a professor standing in front of a class Syllabus

  • Include a Diversity Statement in your syllabus and to go over it the first day of class! Reference Lafayette’s Diversity Statement here.
  • Limit the price of your course materials as much as possible. To do so you can:  
    • Use free textbooks online.
    • Use older editions of textbooks.
    • Put copies of books and textbooks on reserve at Skillman and Kirby Libraries.
    • If you are only using a few chapters of a book or textbook, photocopy chapters and put them on Moodle and abide by copyright laws (e.g. Fair Use)
    • Ask the library to buy the book electronically so that students have access to it
    • Leave a box in front of your office at the end of semester for students to drop off books that they are willing to donate. At the start of semesters tell students about those copies!
    • Tell students to come talk to you if they are having trouble affording the materials.
  • Be cognizant of how inclusive and representative your syllabus is! While designing a syllabus, ask yourself:
    • Who is being represented in this syllabus?
    • Is this syllabus reflective of the diverse set of opinions regarding this topic?
    • How many scholars represented in this syllabus fit the dominant culture? Does this syllabus include scholars who come from historically underrepresented communities? If so, how many? If not, why not?
    • What communities are affected by the issues that the course considers? Are their voices represented?
    • Are there any conclusions that can be drawn about contributions to the field from the order and structure of readings assigned? Are these conclusions positive or negative? Are they accurate?
  • Give historical context to the issues addressed in the course.
  • Create assignments that allow students’ voices to be represented and highlighted throughout the course. Discussion posts on Moodle are a great starting point!

Classroom Environment  

  • Remind students that the classroom is a place of learning and that the success of the course depends on them too.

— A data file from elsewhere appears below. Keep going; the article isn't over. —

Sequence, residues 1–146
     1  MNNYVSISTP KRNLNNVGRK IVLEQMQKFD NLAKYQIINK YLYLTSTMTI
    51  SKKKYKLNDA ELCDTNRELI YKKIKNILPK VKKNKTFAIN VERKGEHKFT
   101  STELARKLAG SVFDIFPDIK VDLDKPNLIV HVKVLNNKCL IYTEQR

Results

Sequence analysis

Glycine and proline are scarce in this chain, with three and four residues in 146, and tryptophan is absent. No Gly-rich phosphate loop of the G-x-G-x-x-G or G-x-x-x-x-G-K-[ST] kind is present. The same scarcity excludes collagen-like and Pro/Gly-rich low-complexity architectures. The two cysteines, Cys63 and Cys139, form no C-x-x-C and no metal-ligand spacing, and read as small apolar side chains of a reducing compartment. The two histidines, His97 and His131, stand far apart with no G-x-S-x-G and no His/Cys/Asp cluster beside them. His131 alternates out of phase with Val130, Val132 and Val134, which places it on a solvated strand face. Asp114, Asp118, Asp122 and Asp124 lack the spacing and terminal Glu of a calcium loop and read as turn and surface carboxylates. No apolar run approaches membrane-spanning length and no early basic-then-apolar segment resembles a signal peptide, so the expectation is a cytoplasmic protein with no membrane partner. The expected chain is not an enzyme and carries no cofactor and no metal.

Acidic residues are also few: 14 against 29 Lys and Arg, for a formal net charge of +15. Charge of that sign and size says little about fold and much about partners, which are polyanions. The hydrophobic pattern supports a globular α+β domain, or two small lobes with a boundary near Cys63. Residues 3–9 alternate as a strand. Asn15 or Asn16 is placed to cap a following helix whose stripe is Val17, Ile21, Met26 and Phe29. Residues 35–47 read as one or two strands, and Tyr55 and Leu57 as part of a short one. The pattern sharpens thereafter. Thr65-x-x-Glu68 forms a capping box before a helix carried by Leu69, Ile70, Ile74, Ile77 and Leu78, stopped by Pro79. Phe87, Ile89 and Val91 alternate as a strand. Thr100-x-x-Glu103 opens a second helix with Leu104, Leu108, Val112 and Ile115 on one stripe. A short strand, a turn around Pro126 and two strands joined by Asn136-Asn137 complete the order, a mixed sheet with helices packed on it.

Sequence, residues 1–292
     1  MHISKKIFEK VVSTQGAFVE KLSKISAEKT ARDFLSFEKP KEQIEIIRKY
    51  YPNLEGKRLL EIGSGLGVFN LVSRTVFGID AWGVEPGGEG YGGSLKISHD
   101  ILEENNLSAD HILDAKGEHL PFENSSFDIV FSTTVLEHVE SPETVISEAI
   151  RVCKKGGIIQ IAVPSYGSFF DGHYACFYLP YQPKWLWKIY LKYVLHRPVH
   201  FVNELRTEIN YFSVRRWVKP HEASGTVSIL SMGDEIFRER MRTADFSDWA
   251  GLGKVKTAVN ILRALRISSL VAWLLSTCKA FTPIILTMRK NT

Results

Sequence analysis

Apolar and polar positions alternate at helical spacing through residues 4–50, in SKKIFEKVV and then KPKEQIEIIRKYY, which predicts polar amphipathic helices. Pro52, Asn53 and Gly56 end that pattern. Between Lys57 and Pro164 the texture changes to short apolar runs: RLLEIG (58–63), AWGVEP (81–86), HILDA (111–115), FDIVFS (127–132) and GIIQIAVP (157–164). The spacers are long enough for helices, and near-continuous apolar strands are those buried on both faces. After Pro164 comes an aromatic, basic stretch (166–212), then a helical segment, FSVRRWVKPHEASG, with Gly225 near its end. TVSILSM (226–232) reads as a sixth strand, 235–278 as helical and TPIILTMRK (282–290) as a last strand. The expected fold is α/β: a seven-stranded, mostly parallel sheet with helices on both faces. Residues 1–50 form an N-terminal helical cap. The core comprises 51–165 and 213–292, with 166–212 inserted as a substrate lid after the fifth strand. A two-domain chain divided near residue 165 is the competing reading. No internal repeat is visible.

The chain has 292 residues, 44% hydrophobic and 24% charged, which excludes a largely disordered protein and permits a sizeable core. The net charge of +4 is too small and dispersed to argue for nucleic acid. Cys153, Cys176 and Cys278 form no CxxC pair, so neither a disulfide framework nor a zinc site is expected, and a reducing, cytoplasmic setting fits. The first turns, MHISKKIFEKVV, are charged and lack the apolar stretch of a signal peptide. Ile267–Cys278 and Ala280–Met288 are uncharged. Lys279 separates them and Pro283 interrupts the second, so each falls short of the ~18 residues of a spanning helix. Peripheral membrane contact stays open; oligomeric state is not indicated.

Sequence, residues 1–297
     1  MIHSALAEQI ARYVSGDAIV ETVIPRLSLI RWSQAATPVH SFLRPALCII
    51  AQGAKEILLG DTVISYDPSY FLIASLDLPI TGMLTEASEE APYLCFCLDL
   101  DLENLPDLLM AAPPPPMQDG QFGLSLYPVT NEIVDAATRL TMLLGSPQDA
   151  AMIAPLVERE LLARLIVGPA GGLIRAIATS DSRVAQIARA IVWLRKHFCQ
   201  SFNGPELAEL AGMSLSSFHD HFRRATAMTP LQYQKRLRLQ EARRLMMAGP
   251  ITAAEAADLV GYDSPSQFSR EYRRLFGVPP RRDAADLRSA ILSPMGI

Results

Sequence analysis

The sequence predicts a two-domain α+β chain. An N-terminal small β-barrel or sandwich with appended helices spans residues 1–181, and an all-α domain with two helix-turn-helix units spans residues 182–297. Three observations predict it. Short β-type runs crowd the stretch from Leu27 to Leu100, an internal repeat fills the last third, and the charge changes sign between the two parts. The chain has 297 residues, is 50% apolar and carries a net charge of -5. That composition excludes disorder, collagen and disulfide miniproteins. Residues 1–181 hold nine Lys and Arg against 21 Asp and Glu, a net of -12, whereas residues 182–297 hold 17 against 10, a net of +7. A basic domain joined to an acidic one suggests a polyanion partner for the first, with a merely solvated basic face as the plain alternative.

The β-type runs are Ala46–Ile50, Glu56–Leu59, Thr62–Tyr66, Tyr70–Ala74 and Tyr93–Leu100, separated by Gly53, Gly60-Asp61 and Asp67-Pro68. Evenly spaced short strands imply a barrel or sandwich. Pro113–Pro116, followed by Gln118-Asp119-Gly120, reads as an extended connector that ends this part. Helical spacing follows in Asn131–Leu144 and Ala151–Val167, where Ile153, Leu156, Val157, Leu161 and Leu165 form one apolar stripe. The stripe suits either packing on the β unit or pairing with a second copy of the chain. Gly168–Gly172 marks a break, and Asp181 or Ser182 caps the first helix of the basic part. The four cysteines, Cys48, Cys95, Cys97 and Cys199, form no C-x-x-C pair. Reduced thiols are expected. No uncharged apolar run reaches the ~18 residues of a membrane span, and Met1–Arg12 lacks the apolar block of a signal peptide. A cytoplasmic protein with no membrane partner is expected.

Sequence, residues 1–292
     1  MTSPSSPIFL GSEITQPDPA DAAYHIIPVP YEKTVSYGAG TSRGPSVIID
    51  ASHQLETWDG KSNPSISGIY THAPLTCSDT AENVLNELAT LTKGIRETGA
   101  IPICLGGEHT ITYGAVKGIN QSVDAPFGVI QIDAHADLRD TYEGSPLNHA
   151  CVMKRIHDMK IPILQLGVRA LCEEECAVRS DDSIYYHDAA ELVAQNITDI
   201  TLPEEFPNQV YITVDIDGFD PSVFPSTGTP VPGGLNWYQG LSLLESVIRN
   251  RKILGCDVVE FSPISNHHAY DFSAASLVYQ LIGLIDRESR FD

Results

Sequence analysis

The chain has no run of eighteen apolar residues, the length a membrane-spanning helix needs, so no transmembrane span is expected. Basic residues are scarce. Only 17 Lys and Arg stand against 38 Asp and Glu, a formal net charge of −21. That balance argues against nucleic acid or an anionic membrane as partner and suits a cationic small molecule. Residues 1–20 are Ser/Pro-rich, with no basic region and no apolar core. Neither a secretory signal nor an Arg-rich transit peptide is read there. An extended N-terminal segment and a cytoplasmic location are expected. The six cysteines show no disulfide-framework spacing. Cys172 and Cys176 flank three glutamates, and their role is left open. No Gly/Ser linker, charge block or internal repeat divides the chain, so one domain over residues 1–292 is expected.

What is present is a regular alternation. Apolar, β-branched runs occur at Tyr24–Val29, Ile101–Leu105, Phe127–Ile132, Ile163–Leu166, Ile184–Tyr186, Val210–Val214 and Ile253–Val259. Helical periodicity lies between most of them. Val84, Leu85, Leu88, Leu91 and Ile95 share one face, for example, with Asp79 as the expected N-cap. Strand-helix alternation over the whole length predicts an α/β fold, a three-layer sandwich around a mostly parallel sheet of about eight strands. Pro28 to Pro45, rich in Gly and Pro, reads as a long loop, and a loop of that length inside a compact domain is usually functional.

• Introduce yourself on the first day of class, mentioning your pronouns. Invite students to do the same!
  • Especially in courses with many first-year students, be sure to mention office hours and the Academic Resource Hub on the first day of class.
  • Set up rules for discussion at the beginning of the semester and revisit when necessary.
  • Encourage students to express differing opinions respectfully.
  • Address students privately when problematic statements are made.
  • Create room for students to discuss pertinent issues. This can be done through class discussions, debates, or Moodle posts. Use these discussions, debates, or Moodle posts to help students feel empowered to speak up in the class.

Varying Backgrounds and Academic Support

  • Include more entry level resources on Moodle for students who may be new to the course content.
  • Include additional resources for students on Moodle who are already familiar with concepts, theoretical frameworks, and ideas.
  • Refer students to the Academic Resource Hub when necessary.
  • Consider building into the course an opportunity for students to reflect on their progress in the course and what they need to do better. This can look like an office hour check-in with you, a short written assignment, or a few minutes of free writing in class.
  • For particularly difficult and fast-pace courses, send out some materials over summer or over break to students on the roster.
  • Remind students to go to Writing Associate (WA) Drop-In hours, SI sessions, and their TAs especially before major assignments are due.
  • Remember that much of a student’s willingness to ask for support is a direct result of classroom environment.

General Practices

  • Be sure to get to know your students. Especially at a small liberal arts college, you can make or break their experience! Check in with them whenever possible.
  • Be cautious of assuming that students are not doing the work or are not doing it well because they are lazy. Check in with students to see if they are struggling with the material or if something else is going on.
  • Engage students in thought exercises around various topics such as gender dynamics in the classroom, racial dynamics in research, and socio-economic status and representation.
  • Include students in the classroom and make sure that they know that the classroom is a collective, shared spaced.
  • It goes without saying, but do not yell at students or call them out publicly.